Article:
Throughout the years, I realised that the more I practiced and prepared before my presentations the more confident I’d feel and I’d feel less terrible about it, So I can really relate to the prepare more tip.  

  11. That was a beautiful article. I could remember how I used to feel whenever I was asked to deliver a speech in my company. I never had any confidence in myself. 

    I tried so hard to build self-confidence but one day I simply had to pick courage. I told myself that I can deliver. I had to sit down to strategize on how I am going to talk to my audience next time. In our next meeting, when I spoke for a while, I asked them if they are with me?? They would answer and said yeah!! 

    My confidence was boosted when I heard their reply. Ever since then, I never had phobia anymore. Now I can talk to my audience with full confidence. 

    1. Glad to hear that Kenechi. It does help to take the pressure off when you consult with your audience. (even if just to check if they are still awake)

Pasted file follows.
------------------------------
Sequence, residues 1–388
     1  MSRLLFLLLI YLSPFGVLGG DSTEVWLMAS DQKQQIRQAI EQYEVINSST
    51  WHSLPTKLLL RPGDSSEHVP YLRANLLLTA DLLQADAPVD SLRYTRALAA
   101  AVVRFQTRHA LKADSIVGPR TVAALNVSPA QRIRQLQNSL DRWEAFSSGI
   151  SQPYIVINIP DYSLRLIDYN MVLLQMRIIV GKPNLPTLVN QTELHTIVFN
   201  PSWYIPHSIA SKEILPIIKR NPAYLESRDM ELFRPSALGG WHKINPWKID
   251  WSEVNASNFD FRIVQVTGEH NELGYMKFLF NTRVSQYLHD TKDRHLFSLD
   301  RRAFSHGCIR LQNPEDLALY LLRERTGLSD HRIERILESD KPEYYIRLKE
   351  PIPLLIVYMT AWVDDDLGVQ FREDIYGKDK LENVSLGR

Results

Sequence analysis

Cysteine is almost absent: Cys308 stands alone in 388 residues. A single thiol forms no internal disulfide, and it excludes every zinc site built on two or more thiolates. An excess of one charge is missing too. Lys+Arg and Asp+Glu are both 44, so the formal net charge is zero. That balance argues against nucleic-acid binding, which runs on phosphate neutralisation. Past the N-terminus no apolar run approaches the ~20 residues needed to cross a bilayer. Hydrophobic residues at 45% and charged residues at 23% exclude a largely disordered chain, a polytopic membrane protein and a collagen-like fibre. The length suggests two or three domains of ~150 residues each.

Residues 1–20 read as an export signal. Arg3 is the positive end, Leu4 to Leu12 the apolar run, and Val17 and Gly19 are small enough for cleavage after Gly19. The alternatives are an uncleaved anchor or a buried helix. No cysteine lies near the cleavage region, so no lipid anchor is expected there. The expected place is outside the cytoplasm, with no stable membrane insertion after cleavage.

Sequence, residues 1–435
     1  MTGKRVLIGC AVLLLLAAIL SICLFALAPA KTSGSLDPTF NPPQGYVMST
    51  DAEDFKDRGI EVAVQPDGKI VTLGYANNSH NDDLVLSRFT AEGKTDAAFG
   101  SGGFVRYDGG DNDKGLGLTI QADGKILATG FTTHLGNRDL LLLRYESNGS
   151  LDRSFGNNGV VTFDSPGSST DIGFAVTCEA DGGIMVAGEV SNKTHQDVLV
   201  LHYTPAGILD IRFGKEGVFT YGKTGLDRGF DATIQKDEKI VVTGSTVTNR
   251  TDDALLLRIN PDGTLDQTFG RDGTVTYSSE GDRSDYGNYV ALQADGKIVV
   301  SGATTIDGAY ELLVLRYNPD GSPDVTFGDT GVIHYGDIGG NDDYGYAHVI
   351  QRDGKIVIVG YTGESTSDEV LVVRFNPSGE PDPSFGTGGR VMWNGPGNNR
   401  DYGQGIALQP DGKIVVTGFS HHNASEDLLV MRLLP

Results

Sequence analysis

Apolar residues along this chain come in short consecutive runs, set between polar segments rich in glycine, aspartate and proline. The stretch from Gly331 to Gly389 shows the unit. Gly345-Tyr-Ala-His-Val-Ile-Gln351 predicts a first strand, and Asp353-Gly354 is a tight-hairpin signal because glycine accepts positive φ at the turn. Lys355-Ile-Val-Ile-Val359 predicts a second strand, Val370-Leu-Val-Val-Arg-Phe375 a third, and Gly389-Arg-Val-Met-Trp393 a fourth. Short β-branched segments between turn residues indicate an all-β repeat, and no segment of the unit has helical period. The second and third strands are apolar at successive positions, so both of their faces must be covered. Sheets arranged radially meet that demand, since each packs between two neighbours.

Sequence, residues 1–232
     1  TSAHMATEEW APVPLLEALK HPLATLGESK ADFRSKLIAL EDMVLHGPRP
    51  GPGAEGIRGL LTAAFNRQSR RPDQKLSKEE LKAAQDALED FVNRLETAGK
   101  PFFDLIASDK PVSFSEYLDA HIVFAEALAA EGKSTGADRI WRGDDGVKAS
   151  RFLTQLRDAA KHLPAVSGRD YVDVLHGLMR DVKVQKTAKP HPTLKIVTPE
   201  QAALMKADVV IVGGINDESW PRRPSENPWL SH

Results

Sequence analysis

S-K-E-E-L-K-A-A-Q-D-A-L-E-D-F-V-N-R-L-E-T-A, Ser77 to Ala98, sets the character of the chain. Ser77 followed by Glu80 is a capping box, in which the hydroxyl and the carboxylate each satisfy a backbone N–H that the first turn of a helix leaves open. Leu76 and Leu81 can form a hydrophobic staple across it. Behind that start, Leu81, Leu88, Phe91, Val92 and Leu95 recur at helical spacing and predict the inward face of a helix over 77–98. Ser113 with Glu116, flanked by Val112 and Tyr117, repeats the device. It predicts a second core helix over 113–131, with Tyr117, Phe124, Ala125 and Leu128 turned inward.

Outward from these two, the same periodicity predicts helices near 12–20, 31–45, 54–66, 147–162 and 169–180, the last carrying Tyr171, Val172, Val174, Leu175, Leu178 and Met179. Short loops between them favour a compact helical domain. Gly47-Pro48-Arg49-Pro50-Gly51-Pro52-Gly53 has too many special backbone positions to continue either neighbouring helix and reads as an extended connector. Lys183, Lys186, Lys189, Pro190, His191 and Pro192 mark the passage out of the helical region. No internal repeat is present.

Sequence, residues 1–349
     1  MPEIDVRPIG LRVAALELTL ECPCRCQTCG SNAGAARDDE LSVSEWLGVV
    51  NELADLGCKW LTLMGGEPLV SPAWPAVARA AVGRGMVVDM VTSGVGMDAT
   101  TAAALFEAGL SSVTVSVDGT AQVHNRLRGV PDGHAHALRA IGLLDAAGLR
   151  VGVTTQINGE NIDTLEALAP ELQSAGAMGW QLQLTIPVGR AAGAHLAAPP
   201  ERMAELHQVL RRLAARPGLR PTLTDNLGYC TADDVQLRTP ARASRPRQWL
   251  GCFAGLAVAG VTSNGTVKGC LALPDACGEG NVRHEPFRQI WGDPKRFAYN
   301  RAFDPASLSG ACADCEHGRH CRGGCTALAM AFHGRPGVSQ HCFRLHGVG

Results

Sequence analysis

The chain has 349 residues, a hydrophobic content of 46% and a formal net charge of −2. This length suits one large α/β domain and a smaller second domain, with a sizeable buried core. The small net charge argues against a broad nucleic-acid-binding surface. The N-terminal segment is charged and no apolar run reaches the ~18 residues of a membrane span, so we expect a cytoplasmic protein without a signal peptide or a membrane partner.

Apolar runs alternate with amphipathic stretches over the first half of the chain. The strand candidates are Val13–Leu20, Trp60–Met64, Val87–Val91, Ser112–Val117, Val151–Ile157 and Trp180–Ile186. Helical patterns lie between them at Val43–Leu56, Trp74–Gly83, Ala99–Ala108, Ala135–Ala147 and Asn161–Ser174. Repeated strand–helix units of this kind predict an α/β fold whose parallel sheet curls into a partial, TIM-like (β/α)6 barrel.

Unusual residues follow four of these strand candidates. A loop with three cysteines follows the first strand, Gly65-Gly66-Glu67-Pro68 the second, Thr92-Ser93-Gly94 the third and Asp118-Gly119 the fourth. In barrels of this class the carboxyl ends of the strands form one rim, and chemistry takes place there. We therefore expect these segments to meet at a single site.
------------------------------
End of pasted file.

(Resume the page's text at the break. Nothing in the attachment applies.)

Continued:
12. A highly informative article. It is right that about 75% of people are suffering from speech anxiety. 

    When they have to address people, they fear what they will think about me, would I deliver correctly and so on. 

    The book, “How to write and give a speech” by Joan Detz would be very helpful for these people. It will encourage them to deliver speech publicly without feeling fear.

    Thanks for the information about this book. I would like to share this article with my friends.

    Amod

  13. Thank you for your article on this. The most striking word for me in this article was the content that emphasized on keeping it simple. Before now, complexity was a major challenge I had. Also, I pick adding humor in public speaking as a gateway to conquering glossophobia. Being too mean was my major flaw. Humor helps to relax and rededication of the audience interest. wow!